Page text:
AsianScientist (Mar. 21, 2012) – Researchers from Singapore and Japan have discovered that a gene variant commonly found in individuals of East Asian descent may be responsible for resistance to some targeted cancer drugs used to treat certain types of leukemia and lung cancer.
Patients with chronic myelogenous leukemia (CML) are currently treated with tyrosine kinase inhibitors (TKIs) such as Gleevec. Although these drugs are effective in most patients with CML, a significant number of CML patients do not respond well to TKI treatment.
To understand why, the researchers looked for genetic differences between patients who responded well to TKI treatment and those that did not.
In their study, published online in Nature Medicine, the researchers discovered that many TKI-resistant CML patients had a particular variant of the BIM gene which is characterized by a region of missing DNA within the gene, known as a deletion polymorphism.
This deletion polymorphism was found to be common in East Asians (about 12 percent of healthy Chinese and Japanese individuals have it) but not detected in people of African and European descent.
East Asian CML patients who have this BIM deletion polymorphism are three times more likely to respond poorly to Gleevec treatment, compared with patients who do not have the gene variant.
It is also estimated that about 20 percent of East Asian CML patients who are resistant to Gleevec may have this BIM deletion polymorphism.
Therefore, this East Asian variant of the BIM may be part of the reason why East Asian CML patients have poorer response rates when treated with Gleevec, compared with patients in Europe and North America.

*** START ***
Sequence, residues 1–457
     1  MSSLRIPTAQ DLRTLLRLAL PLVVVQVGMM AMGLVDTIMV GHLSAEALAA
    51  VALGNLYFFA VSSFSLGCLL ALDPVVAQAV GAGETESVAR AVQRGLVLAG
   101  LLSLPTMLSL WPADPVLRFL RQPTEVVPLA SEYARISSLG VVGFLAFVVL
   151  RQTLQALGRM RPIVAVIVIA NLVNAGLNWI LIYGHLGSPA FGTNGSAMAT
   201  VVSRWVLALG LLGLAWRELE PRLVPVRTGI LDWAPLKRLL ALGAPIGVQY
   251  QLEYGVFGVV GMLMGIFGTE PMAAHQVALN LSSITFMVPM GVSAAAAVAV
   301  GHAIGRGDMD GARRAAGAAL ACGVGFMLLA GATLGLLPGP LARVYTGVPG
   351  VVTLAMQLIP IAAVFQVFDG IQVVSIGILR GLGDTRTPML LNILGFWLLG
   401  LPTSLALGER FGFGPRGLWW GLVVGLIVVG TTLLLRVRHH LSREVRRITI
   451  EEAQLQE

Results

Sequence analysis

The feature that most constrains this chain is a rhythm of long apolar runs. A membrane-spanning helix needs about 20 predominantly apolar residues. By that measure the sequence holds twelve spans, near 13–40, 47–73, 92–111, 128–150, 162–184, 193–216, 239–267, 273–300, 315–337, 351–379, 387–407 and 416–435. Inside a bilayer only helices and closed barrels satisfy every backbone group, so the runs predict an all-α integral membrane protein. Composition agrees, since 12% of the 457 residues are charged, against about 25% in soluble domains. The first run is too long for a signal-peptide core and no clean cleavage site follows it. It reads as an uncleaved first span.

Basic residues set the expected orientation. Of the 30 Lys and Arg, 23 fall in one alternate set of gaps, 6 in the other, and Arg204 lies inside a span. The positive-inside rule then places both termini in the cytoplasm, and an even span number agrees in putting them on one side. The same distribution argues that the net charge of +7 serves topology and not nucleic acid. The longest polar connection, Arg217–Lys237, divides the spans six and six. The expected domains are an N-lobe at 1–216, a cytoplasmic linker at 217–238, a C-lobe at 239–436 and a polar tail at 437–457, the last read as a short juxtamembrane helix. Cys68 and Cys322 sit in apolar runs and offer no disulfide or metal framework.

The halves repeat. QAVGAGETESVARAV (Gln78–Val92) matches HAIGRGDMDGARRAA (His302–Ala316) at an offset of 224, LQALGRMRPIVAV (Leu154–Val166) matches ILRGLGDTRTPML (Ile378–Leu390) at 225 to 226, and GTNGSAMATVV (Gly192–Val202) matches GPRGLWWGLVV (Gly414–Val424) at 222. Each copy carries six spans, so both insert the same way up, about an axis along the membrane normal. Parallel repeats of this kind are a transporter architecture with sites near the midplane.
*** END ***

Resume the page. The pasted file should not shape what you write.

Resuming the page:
The study also found that this same deletion polymorphism may be responsible for drug resistance in EGFR-mutated non-small-cell lung cancer (EGFR NSCLC) which is also commonly treated with TKIs.
“We estimate that about 14,000 newly diagnosed East Asian CML and EGFR non-small-cell lung cancer patients per year will carry the gene variant,” said Dr. S. Tiong Ong, the senior author of the study.
“Because we could determine in cells how the BIM gene variant caused TKI resistance, we were able to devise a strategy to overcome it.”
The strategy Dr. Ong was referring to is novel class of drugs called BH3-mimetics. When BH3 drugs were added to the TKI therapy in experiments conducted on cancer cells with the BIM gene variant, the researchers were able to overcome the resistance conferred by the gene.
The team’s next step will be to bring their BH3-based treatment to clinical trials with patients.
Source: Duke-NUS Graduate Medical School Singapore.
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